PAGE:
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Health Beat: Fighting cavities without a dentist drill

Health Beat: Fighting cavities...

GAINESVILLE, Fla. - Not many people look forward to going to the dentist, especially children. Now, there's a new liquid doctors are using to fight cavities painlessly, without a drill.

"They're going to pull my teeth out," said 6-year-old Uriah Webb.

Just ask Uriah's mom how much they both hate the dentist's office.

"Crying, screaming, running, don't want you to look in his mouth," said Andrea Webb.

But those nightmarish appointments may be just a bad memory, even for someone with cavities, thanks to a new liquid called silver diamine fluoride. It's been used in other countries for decades, but it was only recently approved by the FDA for the United States. It's marketed as advantage arrest.

"What's so exciting about it is, it's the first time in modern history, really, that we have something that can actually arrest the decay process," detailed Dr. Scott L. Tomar, the chair of community dentistry and behavioral science at the University of Florida College of Dentistry in Gainesville.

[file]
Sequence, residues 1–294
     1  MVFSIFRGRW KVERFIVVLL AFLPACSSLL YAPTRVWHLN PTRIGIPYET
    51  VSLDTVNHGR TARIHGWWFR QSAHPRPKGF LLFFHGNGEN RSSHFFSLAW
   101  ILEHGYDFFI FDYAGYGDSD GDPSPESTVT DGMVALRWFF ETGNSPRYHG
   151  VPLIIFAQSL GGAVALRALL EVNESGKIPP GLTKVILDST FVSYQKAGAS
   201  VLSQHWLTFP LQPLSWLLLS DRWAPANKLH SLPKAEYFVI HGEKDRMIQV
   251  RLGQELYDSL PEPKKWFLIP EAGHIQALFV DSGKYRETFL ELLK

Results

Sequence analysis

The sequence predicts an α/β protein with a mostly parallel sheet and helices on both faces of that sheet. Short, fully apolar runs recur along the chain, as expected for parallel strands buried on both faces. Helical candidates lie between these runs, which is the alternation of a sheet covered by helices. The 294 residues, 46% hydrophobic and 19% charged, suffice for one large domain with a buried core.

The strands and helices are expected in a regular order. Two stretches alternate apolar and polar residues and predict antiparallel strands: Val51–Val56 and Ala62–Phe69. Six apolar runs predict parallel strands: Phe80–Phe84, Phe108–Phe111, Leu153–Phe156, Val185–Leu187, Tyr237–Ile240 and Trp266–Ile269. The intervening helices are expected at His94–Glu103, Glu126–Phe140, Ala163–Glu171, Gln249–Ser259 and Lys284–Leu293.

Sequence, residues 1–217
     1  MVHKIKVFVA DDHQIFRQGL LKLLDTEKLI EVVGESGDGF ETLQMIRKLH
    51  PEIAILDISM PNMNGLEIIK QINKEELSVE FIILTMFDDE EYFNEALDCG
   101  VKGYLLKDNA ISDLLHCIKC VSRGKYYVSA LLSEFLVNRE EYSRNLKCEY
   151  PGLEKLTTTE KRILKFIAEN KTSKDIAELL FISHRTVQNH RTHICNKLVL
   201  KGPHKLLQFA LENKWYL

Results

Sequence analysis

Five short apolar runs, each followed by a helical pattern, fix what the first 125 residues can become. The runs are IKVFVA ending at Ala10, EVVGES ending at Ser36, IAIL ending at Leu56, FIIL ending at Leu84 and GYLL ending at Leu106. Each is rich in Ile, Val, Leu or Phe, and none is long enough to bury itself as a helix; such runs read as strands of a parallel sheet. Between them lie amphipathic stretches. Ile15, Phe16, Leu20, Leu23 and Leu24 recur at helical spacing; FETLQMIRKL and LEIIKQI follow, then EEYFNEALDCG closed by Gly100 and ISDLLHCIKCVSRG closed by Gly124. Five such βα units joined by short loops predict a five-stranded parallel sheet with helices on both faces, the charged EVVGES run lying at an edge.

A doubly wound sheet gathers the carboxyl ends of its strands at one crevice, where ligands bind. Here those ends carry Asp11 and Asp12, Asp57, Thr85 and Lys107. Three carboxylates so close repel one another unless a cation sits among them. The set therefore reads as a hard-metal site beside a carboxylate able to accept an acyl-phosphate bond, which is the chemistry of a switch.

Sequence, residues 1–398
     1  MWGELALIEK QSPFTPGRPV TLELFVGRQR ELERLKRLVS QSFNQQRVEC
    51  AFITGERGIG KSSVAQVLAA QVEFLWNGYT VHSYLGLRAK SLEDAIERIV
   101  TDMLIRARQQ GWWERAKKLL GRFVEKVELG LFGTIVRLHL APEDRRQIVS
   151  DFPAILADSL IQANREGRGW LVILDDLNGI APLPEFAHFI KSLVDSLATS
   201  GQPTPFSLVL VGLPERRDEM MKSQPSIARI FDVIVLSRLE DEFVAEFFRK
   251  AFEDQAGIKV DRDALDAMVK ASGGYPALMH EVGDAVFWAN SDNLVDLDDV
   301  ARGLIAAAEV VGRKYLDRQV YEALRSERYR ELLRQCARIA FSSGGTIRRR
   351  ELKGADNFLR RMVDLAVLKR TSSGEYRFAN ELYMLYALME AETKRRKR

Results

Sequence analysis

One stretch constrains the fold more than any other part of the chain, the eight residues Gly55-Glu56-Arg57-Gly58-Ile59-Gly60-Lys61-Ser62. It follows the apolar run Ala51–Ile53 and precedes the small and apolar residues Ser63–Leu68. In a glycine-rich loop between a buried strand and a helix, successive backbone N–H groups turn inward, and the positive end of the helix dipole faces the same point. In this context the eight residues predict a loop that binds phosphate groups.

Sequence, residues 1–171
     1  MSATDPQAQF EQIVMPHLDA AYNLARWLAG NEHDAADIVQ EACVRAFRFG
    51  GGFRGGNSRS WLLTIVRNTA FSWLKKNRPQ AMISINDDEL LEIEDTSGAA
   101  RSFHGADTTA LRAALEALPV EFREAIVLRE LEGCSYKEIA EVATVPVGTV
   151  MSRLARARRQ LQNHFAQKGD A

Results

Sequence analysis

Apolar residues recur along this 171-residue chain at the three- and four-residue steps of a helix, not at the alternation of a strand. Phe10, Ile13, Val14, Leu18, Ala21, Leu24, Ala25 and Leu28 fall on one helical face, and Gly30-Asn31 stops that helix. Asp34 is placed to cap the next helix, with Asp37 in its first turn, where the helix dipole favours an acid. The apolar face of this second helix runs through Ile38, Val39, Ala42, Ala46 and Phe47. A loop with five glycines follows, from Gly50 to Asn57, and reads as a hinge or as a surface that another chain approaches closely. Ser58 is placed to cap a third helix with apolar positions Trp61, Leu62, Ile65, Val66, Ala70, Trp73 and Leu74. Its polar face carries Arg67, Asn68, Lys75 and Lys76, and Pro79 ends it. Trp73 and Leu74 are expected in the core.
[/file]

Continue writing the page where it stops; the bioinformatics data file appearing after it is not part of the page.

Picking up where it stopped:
Tomar said he loves the cavity-fighting liquid. He actually teaches dental students and dentists how to use it.

"You dab a small amount onto the cavity with a tiny brush, dab it on there for about two minutes, rinse it off, air dry it," Tomar explained.

Here's how it works: Tomar said the liquid desensitizes the tooth. The anti-microbial properties also stop cavities from getting worse, and it even prevents them. Too good to be true? There is a downside. It can darken and even blacken teeth. Despite the risks, Andrea Webb said it's much better than traumatizing kids to the point they want to avoid dentists altogether.

"I see other kids's teeth that are my kid's age and they have no teeth," she said. "They are rotten down. They're gone. It's just horrible."

It's not mandatory for dentists to use silver diamine fluoride, but Tomar said parents should talk it over with their dentist.

Silver diamine fluoride is already used in hundreds of dental offices. At least 18 dental schools have started teaching the next generation of pediatric dentists how to use it. The cost generally is much lower than a filling, probably about one-fourth of the cost in most cases. It takes less chair time and fewer supplies and materials.


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